The world is in the grasp of the God of Chaos, his only mantra: Do as Thou Wilt. In the slums of Tuilar, Dirge is an apprentice to the Brotherhood of Assassins who worship the god of Death. His only friend Jacob, a jovial young man, feels at home in the world as it is, but Dirge craves structure.
When Chaos orchestrates the Cleansing, a mass slaughter of children, people stand up against him. Amid the revolt, the prophet of the forgotten God of Order appears. Drawn to the ways of Order, Dirge finds himself at odds with those who raised him. The gods of Chaos, Death, and Order clash, their followers facing off in bloody battle, and Dirge must decide whether to honor his adopted family or the calling to his heart. Jacob believes they should stay out of the fray, wanting nothing to do with any of it.
Hope and honor are Dirge’s shield as he wallows in uncertainty and remorse. The gods are at play, and the world is their game board. How can Dirge choose when men and gods alike are deceitful? The decision he makes may well damn him.
Alan Preece –
Cleansed, which is either the first book in a series or the second – depending on where you look – follows the exploits of Dirge, an Orphan who has been indoctrinated into a league of assassins at a young age. The world around Dirge is defined by the conflict between a variety of fundamentalist faith systems and when one of these, The Lord of Chaos, orders the murder of all first born as a sacrifice to it Dirge finds himself on a brutal course to defend the innocent.
However, all is not quite as it seems and Dirge’s journey is not a simple one.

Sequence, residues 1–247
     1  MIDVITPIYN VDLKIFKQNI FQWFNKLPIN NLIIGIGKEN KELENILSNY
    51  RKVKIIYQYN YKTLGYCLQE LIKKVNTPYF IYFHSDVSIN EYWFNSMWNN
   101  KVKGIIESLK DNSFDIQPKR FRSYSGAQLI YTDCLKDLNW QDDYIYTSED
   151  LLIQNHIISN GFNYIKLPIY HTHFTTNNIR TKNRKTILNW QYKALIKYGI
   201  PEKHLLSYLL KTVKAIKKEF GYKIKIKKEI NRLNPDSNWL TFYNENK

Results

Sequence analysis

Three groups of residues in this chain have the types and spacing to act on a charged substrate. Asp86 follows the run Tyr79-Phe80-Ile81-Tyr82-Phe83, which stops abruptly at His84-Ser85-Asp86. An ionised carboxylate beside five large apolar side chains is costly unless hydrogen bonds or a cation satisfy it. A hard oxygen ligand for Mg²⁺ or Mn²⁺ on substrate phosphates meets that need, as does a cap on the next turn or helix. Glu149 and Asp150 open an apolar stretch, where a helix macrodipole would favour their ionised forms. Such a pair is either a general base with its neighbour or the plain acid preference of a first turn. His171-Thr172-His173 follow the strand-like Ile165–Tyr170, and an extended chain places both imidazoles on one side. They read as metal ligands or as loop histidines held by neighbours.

To begin with I was not all that impressed with G. S. Scott’s Cleansed, probably due mainly to Scott’s choice to begin his tale very early in Dirge’s life and leaving me with three or four chapters in which very little seemed to happen. I didn’t take much from these chapters and it seemed to me that starting later and essentially jumping into the action sooner would have been a better option, perhaps telling the earlier episodes in flashback, but this was not to be.
I persevered and was glad that I did. Once the story begin to come together it comes together rather well, with interesting characters and an increasingly shifting story where no one is clearly heroes or villains.
The narration was done by the usually very reliable Sean Duregger and for the first time I was in two minds about his performance with Cleansed. Usually I like his narrations a great deal but in this case I found it a little grating in parts. This was mainly due to the accents he used for many of the characters. I have to say here that I am English and in my job I routinely have meetings with people from all over the UK, so I am used to a variety of British accents (in addition to having my own of course) and none of Sean’s accents seemed quite right to my ear and it was only when I consistently reminded myself that this was set in an alternative fantasy land, with inhabitants who just happened to have British sounding accents, that I managed to get past it.
I imagine the vast majority of listeners will not be bothered by this in the slightest, and many will be impressed with it as Sean does quite an impressive range of accents for this tale, as well as many different characters. So I think it likely that most will disagree with my thoughts concerning his use of accents, and they may be right to; as on a second listen I may even disagree with myself!
Overall Cleansed was a good experience, far better than I imagined it being and well worth your time if you enjoy dark fantasy stories. I liked it enough that I would listen to further stories in the series, and it has even made me consider seeking out something similar to read in the future in a genre I usually do not read; which to me sounds like an endorsement!